tax pros and cons of rental properties
My wife and I are interested in investing in rental properties.
Aside from the appreciation value of the rentals, will I be able to deduct the
rental losses against my income of more than $150,000 per year? If not, what about
an LLC or having my wife run the business? She currently stays home with the children.
It's generally not a good idea to invest
in real estate if you're expecting losses. However, most financed real estate
does result in a current loss for tax purposes, especially after annual depreciation
deductions are claimed. The investor expects that the annual appreciation in value
will exceed the current loss.
with limited exception, real estate rental losses cannot be used to offset other
types of income such as wages, interest, dividends and gains from investments
other than rental real estate.
exception to the loss deduction rule is for taxpayers that actively participate
in the rental real estate activity and have modified adjusted gross income of
less than $100,000. MAGI is your adjusted gross income (AGI) computed without
regard to rental losses, individual retirement account deductions, taxable Social
Security benefits and certain other adjustments explained in the instructions
If your MAGI is less than
$100,000, you can claim up to $25,000 in losses from active participation rental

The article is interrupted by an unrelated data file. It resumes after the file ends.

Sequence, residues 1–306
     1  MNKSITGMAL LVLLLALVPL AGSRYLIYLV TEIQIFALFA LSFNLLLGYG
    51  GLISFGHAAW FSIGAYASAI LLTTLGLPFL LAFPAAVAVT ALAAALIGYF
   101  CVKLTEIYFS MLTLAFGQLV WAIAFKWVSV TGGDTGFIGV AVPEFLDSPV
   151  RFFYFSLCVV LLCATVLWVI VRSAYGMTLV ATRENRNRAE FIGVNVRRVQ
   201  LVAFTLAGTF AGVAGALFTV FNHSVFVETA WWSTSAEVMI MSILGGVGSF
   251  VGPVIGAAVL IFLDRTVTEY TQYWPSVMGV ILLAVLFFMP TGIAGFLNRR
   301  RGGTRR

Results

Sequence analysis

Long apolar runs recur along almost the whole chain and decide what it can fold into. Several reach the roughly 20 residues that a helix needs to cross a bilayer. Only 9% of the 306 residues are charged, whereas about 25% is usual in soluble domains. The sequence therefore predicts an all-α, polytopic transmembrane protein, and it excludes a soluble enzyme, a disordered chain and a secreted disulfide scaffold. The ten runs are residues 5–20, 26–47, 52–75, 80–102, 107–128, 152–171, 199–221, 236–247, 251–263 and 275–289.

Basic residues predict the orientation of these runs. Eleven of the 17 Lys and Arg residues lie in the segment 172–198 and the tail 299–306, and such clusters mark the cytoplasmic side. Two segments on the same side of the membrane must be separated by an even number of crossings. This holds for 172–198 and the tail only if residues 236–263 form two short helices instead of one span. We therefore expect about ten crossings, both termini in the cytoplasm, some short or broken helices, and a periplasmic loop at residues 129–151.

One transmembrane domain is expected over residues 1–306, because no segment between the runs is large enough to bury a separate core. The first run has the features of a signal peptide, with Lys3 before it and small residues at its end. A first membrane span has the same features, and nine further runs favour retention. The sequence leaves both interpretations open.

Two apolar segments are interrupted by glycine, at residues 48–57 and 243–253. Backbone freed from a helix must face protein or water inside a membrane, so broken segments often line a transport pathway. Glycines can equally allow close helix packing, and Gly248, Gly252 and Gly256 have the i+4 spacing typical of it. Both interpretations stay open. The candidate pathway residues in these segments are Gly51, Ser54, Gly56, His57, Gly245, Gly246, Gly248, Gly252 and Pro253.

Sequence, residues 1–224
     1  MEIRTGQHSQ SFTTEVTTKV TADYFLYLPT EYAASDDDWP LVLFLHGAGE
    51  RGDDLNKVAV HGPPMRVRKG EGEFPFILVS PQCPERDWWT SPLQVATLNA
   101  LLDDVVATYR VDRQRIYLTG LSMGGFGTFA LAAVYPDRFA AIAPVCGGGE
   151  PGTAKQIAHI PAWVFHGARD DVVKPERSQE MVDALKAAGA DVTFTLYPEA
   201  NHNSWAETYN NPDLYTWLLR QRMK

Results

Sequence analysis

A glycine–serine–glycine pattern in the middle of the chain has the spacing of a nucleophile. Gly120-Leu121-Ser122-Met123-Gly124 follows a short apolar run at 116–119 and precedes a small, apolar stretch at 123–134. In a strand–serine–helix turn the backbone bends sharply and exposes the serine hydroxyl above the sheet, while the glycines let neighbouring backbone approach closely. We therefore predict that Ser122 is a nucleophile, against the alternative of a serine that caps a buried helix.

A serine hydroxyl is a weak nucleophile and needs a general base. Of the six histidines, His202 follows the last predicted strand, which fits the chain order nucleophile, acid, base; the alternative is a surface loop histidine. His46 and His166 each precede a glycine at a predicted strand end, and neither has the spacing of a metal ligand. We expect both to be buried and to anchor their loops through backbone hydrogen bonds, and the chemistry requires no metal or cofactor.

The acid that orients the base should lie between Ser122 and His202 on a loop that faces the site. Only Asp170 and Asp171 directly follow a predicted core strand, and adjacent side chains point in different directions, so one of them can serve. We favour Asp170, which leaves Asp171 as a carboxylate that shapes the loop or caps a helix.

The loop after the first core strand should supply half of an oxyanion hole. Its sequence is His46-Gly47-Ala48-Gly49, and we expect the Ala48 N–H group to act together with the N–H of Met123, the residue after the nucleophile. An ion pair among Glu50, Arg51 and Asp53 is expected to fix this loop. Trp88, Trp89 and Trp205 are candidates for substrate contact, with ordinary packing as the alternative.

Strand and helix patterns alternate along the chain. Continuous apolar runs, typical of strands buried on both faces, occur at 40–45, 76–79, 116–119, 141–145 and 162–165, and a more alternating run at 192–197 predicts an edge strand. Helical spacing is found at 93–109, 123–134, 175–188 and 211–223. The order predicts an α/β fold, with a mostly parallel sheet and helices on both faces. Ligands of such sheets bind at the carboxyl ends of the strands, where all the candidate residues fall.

real estate. If MAGI is between $100,000 and $150,000, the $25,000 maximum is
reduced by $1 for every $2 that your MAGI exceeds $100,000. For example if your
MAGI is $140,000 you would reduce the $25,000 by $20,000 to claim up to a maximum
of $5,000 in rental loss. In your case, you state that your income exceeds $150,000
so you will not be able to claim any loss. The limits are the same for single
or joint filers.
Another limited exception exists for
real estate professionals. The rental losses of real estate professionals are
allowed fully against other income. A real estate professional is a person that
spends more than 750 hours a year involved in the real estate business such as
a property manager, Realtor, developer or substantial investor. If your wife became
more involved in real estate, such as becoming a Realtor, you may be able to qualify
for this break.